In this article, Frank Holmes, CEO of U.S. Global Investors — which launched the Global Luxury Goods Fund [USLUX] in 1994 — considers whether luxury stocks are a better investment than alternative hard assets.
In November 2020, a Hermès [RMS.PA] handbag sold at Christie’s [CTG.L] for a cool HK$3.4m, or $437,330. It set a new sales record for a handbag of any kind according to the auction house, which described the item as being made from the hide of a rare white Nile crocodile.
Designer handbags have gained acceptance as alternative investments along with other tangible assets, some examples of which include art, fine wines, classic cars and more.
Such assets are often favoured by high-net-worth investors because they serve as portfolio diversifiers and can have high returns. Plus, they’re great to show off. At the same time, these assets — like conventional investments — can have risks. They’re difficult to value, illiquid and unregulated.
Why not, then, just buy stock in the companies that make the handbag, wine or car?
That was the question I asked myself as I skimmed through Knight Frank’s annual report on wealth and luxury investment. Now in its 15th edition, this is the first Wealth Report that’s come out since we launched the Global Luxury Goods Fund [USLUX], so I took particular interest in what it had to say about the luxury market in 2020.
According to the British consultancy firm, high-end handbags — those manufactured by Hermès, Louis Vuitton [MC.PA] and others — were the top performers for the second year in a row, their value increasing by 17% in 2020, based on the Knight Frank Luxury Investment Index [FKLII]. Fine wines were a close second, up 13%. Five asset types lost value during the year, including rare whiskeys, down 4%, and art, down 11%.
Luxury stocks have delivered competitive returns
I was curious to see how these tangibles stacked up against equity in luxury companies. I wasn’t disappointed by the results. The S&P Global Luxury Goods Index, which tracks around 80 companies that are engaged in producing or distributing luxury goods, ended 2020 up 36%, or more than double what handbags returned.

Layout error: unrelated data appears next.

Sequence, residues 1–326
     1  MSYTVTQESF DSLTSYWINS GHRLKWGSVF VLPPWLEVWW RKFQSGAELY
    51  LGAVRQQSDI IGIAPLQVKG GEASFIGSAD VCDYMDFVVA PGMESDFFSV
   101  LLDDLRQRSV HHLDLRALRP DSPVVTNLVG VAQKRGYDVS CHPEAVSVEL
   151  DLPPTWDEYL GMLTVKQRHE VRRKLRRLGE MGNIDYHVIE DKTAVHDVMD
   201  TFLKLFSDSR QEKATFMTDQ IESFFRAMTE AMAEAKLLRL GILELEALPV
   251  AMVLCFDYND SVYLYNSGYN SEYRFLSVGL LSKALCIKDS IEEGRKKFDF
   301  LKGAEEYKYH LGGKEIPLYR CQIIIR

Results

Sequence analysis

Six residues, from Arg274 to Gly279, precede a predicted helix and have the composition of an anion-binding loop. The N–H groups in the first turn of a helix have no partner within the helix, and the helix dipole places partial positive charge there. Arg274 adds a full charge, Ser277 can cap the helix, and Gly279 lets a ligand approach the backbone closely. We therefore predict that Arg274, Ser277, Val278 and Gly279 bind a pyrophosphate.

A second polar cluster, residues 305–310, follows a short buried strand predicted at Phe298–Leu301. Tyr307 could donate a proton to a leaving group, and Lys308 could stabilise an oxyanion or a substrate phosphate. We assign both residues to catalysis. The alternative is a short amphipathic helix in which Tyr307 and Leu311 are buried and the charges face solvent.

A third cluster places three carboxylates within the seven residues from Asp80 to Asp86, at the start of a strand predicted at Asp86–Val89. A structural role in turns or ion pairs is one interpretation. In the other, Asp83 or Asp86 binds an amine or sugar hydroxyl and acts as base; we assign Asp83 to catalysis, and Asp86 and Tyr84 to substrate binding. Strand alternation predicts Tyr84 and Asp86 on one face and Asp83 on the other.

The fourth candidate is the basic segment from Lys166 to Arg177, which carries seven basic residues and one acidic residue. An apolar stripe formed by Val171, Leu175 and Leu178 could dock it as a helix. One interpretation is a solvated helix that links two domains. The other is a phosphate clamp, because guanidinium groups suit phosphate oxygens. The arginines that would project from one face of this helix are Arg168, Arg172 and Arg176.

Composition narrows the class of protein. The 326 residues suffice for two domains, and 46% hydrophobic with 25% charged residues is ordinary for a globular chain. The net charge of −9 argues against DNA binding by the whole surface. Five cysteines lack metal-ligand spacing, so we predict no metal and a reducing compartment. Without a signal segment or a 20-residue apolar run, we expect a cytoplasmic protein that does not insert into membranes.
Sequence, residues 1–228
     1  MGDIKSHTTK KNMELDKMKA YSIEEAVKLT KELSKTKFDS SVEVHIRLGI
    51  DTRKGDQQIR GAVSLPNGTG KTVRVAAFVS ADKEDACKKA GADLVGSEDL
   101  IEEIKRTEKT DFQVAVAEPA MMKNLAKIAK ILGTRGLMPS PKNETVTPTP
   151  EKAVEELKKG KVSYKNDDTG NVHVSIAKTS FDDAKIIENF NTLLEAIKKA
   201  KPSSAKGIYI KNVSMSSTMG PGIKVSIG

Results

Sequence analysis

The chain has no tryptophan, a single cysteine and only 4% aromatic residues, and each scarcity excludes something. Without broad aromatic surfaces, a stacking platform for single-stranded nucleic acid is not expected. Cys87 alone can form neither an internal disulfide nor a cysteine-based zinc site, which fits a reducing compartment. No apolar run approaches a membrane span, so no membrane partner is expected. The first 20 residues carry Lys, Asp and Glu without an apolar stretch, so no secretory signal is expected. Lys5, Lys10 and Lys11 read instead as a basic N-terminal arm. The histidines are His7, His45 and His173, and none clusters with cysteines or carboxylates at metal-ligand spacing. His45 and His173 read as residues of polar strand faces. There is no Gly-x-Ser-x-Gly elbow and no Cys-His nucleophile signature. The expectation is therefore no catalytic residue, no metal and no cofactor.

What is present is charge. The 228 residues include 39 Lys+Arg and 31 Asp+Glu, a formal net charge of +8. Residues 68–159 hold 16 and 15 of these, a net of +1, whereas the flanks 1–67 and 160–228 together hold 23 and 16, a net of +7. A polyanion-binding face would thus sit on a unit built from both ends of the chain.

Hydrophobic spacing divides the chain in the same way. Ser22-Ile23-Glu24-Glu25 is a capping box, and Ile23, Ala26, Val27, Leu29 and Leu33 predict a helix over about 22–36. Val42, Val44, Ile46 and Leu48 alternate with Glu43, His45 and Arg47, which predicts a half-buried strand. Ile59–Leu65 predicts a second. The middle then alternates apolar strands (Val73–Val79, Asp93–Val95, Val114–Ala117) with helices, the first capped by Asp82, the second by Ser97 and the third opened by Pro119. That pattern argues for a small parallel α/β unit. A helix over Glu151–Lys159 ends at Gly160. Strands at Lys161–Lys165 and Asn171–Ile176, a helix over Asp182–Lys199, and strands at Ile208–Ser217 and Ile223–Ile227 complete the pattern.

Granted, that’s just for one year, and it’s fair to assume that the coronavirus pandemic, not to mention the economic pullback that came as a result, dented demand for certain tangible assets. Due to lockdowns, auction houses had to cancel or postpone live sales. Art galleries around the world reported an average 36% drop in sales in the first half of 2020 compared to the same period in 2019, according to analysis by Art Basel.
But even when we extend the comparison out 10 years, we see that luxury stocks remained highly competitive. The index of luxury goods increased 227% for the period ended 31 December 2020, more than any other tangible tracked by Knight Frank except rare whiskeys, up 478%.
I don’t know about you, but this makes me wonder if luxury stocks aren’t a more thoughtful gift for a loved one than a new watch or jewellery.
The actor Michael B Jordan must have had the same idea. It was reported that, during a Valentine’s Day dinner last month, the Black Panther and Creed star gave his girlfriend Lori Harvey shares in Hermès International.
The investment was well made. Since Valentine’s Day, Hermès is up more than 3% as of March 11.
Betting on an increase in high and ultra-high net worth investors
As I’ve said before, one of our goals for launching the Global Luxury Goods Fund [USLUX] was to seek to track the spending habits of high and ultra-high net worth investors, whose incomes have historically grown at a much faster rate than earners in lower brackets.
When we announced we would be coming out with a luxury mutual fund on 1 July 2020, many market watchers questioned the timing. The pandemic has been hard on the pocketbooks of people from a wide range of earnings brackets. That hasn’t necessarily been the case for ultra-high net worth individuals, or those with incomes over $30m.
This cohort rose 2% between 2019 and 2020, according to Knight Frank. Asia, and particularly China, ranked number one at 12% for the continent, 16% for the country. The US, by comparison, added ultra-wealthy individuals to its population at a rate of 3%.
I’m thrilled by how well the Global Luxury Goods Fund has done since its inception, despite the challenges. The fund increased more than 36% through 9 March 2021, beating its benchmark, the S&P Composite 1500.
We continue to be bullish on the luxury market, especially now as the end of the pandemic is starting to come into focus. The $1.9trn rescue package, recently signed by US president Joe Biden, may also be constructive for retail sales in general and luxury sales in particular.
This article was originally published on Frank Talk, a blog by Frank Holmes, CEO of U.S. Global Investors.
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